GOLF—JAY HAAS fired an 18-under-par 262 to win the $250,000 Texas Open by three shots over former Wake Forest teammate Curtis Strange in San Antonio. It was Haas's second victory in as many starts.
Patty Sheehan beat Joyce Kazmierski by three strokes to win a $150,000 LPGA tournament in San Jose, Calif. Sheehan shot a 15-under-par 277.
William Hoffer defeated Jeffrey Ellis 3 and 2 to win the Mid-Amateur title in Lake Forest, Ill.
Edean Ihlanfeldt beat Mary Ann Morrison by four shots to win the Senior Women's Amateur title in Colorado Springs.
October 10, 1982
HORSE RACING—Jean-Luc Samyn rode FAST GOLD ($73.80) to a 3-length victory over Muttering in the $218,600 Pegasus Handicap at the Meadowlands. The 3-year-old colt covered the nine furlongs in 1:49.
Akiyda ($11.70), Yves Saint-Martin in the irons, covered the 2,400 at Longchamp in 2:37 to win the $285,000 Prix de l'Arc de Triomphe in Paris. The 3-year-old filly beat Ardross by a head.
Naskra's Breeze ($6.60), Jean-Luc Samyn up, beat Sprink by a head to win the $173,100 Man o' War Stakes at Belmont Park. The 5-year-old gelding covered the mile and three furlongs on grass in 2:13.
Pair of deuces ($5.80), ridden by Gerland Gallitano, won the $150,000 Louisiana Downs Handicap with a 1-length victory over Dom d'Albignac. The 3-year-old colt covered the 1‚Öú miles in 2:15[1/5].
MOTOR SPORTS—DARRELL WALTRIP averaged 98.071 mph in a Buick to win a NASCAR 400-mile event on the five-eighths of a mile North Wilkesboro (N.C.) Speedway oval for his third consecutive victory on that track. He beat Harry Gant by 14 seconds.
SWIMMING—ALEX BAUMANN set a world record of 2:02.25 in the 200-meter individual relay at the Commonwealth Games in Brisbane, Australia. He surpassed his own record of 2:02.78 set in July 1981.
TENNIS—BARBARA POTTER beat Pam Shriver 6-4, 6-2 to win the $125,000 U.S. Women's Indoor Championship in Philadelphia.
Ivan Lendl won a rain-delayed $200,000 tournament in North Conway, N.H. with a 6-3, 6-2 defeat of Jose Higueras. Lendl took only 7½ minutes to complete the match that had stood at 6-3, 3-2 when called by rain on Aug. 2.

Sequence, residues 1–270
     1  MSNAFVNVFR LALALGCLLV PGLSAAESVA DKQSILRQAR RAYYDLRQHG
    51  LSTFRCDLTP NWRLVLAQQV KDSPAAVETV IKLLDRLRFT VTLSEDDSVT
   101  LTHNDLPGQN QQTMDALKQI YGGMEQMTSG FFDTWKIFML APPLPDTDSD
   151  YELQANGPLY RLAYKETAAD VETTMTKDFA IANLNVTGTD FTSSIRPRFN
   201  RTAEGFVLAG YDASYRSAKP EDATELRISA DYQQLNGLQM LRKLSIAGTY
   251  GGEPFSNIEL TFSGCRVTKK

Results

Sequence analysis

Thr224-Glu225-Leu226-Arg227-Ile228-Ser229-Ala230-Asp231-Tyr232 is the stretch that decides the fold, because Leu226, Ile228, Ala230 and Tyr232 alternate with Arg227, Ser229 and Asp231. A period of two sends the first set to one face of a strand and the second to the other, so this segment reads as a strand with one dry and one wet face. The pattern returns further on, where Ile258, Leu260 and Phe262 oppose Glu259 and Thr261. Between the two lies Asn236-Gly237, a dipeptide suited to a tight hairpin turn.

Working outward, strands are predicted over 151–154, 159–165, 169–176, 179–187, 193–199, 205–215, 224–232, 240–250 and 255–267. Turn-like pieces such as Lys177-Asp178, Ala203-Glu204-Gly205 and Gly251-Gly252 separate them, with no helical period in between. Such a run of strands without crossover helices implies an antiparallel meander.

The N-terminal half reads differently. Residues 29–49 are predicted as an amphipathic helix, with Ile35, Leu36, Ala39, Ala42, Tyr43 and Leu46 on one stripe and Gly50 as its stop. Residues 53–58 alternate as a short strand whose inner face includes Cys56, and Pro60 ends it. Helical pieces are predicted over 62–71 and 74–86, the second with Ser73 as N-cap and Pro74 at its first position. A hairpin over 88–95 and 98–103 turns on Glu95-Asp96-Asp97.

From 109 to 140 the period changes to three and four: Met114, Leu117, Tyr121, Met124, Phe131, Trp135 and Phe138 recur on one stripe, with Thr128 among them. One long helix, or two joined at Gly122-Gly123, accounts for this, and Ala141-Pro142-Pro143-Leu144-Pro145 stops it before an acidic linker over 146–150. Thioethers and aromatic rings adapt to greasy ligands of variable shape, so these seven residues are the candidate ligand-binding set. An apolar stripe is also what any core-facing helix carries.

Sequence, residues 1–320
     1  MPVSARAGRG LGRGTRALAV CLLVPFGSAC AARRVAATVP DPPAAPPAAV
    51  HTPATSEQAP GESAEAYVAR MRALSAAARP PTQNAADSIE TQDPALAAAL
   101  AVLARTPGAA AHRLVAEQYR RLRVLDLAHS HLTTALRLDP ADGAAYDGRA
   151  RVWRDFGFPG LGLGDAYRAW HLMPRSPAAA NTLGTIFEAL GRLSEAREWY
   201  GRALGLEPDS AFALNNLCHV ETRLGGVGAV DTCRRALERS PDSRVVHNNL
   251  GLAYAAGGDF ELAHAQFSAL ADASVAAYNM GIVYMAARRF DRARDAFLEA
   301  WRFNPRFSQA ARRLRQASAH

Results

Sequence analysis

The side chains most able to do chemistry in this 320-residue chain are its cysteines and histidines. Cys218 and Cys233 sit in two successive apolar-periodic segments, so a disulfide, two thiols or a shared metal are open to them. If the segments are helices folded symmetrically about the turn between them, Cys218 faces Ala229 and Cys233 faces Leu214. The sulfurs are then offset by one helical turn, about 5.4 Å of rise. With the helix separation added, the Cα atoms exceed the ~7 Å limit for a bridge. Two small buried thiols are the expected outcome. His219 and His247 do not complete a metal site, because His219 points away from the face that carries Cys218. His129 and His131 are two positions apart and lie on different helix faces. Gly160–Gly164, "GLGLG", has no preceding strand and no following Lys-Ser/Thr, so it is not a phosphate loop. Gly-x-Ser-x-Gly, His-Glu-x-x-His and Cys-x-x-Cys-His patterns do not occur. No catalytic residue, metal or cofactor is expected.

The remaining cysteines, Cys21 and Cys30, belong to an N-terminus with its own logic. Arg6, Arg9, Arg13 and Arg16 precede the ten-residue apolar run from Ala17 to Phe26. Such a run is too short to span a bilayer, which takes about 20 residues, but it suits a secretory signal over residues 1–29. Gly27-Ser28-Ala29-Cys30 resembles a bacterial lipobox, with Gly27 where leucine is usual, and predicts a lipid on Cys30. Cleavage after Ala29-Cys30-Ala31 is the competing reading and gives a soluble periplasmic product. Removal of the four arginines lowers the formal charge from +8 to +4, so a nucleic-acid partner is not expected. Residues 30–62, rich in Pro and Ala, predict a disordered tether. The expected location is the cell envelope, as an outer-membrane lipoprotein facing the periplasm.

The United States and France advanced to the Davis Cup finals with 5-0 and 3-2 victories over Australia and New Zealand, respectively.
John Fitzgerald won a $100,000 Grand Prix event in Wailea, Hawaii with a 6-2, 6-3 victory over Brian Teacher.
MILEPOSTS—FOLDED: In Stanton, Del., DELAWARE PARK, that state's only thoroughbred racetrack which had been in operation continuously since 1937, with the exception of one year during World War II. Track officials blamed the closing on increased competition, casino gambling in nearby Atlantic City, lotteries throughout the region and the poor economy.
NAMED: As coach of the 1984 U.S. Olympic swimming team, University of Alabama Coach DON GAMBRIL, 48, who has served as an assistant Olympic coach the past four Summer Games.
As head coach of the NASL Fort Lauderdale Strikers, DAVID CHADWICK, 39, who served as Striker midfielder and assistant coach from 1977-79 and the ASL Atlanta coach for 1980-81.
SENTENCED: By a District Court Judge in New Orleans to three years in federal prison for selling and conspiring to distribute cocaine, former New Orleans Saint Running Back MIKE STRACHAN, 29, Strachan had pleaded guilty on Aug. 25 to charges concerning a drug transaction with San Diego Running Back Chuck Muncie, 29, a former teammate. Ten additional charges against Strachan, all involving distribution, were dropped in exchange for the guilty plea.
SIGNED: By the Milwaukee Bucks, free-agent Forward STEVE MIX, 34, formerly of the Philadelphia 76ers, to a one-year contract reportedly worth $75,000; by the Washington Bullets, free-agent Guard BILLY RAY BATES, 26, formerly of the Portland Trail Blazers, and free-agent Forward KEITH HERRON, 26, late of the Cleveland Cavaliers, to undisclosed contracts.
TRADED: By the San Antonio Spurs, Center GEORGE JOHNSON, 34, to the Atlanta Hawks for rookie Center JIM JOHNSTONE, 22, and two second-round draft picks; by the Atlanta Hawks, Center TOM BURLESON, 30, to the Chicago Bulls for future considerations; by the Phoenix Suns, Guard DUDLEY BRADLEY, 25, to the Chicago Bulls. Chicago will owe the Suns a 1983 draft choice if Bradley makes the Bulls.
DIED: Former Chicago White Sox Pitcher MONTY STRATTON, 70, who is best remembered for his attempted comeback after the amputation of his right leg; of cancer; in Greenville, Texas. Stratton had a five-year (1934-38) record of 36-23 for Chicago before losing his leg below the knee in a rabbit-hunting accident on Nov. 27, 1938. Eight years later, at age 34, he startled the baseball world by returning to pitch professionally and winning 18 games for Sherman, in the Class-C East Texas League. He played one more season before retiring and selling the rights to his life story to Hollywood. Jimmy Stewart played the title role in The Stratton Story.
Harness Racing Hall of Famer RALPH N. BALDWIN, 66, considered by many experts to have been one of the most skilled developers of trotters in harness racing history; of cardiac failure; in Pompano Beach, Fla. Baldwin drove 1,146 winners, earned $5.5 million in purses and trained three Hambletonian winners, Diller Hanover (1959), Speedy Scot (1963) and Flirth (1973).
Former Chicago Bear and Los Angeles Ram Linebacker (1952-66) BILL GEORGE, 51, who captained the 1963 Bears' championship team; of injuries sustained in a three-car accident; in Rockford, Ill. In 1974 he was inducted into the Pro Football Hall of Fame.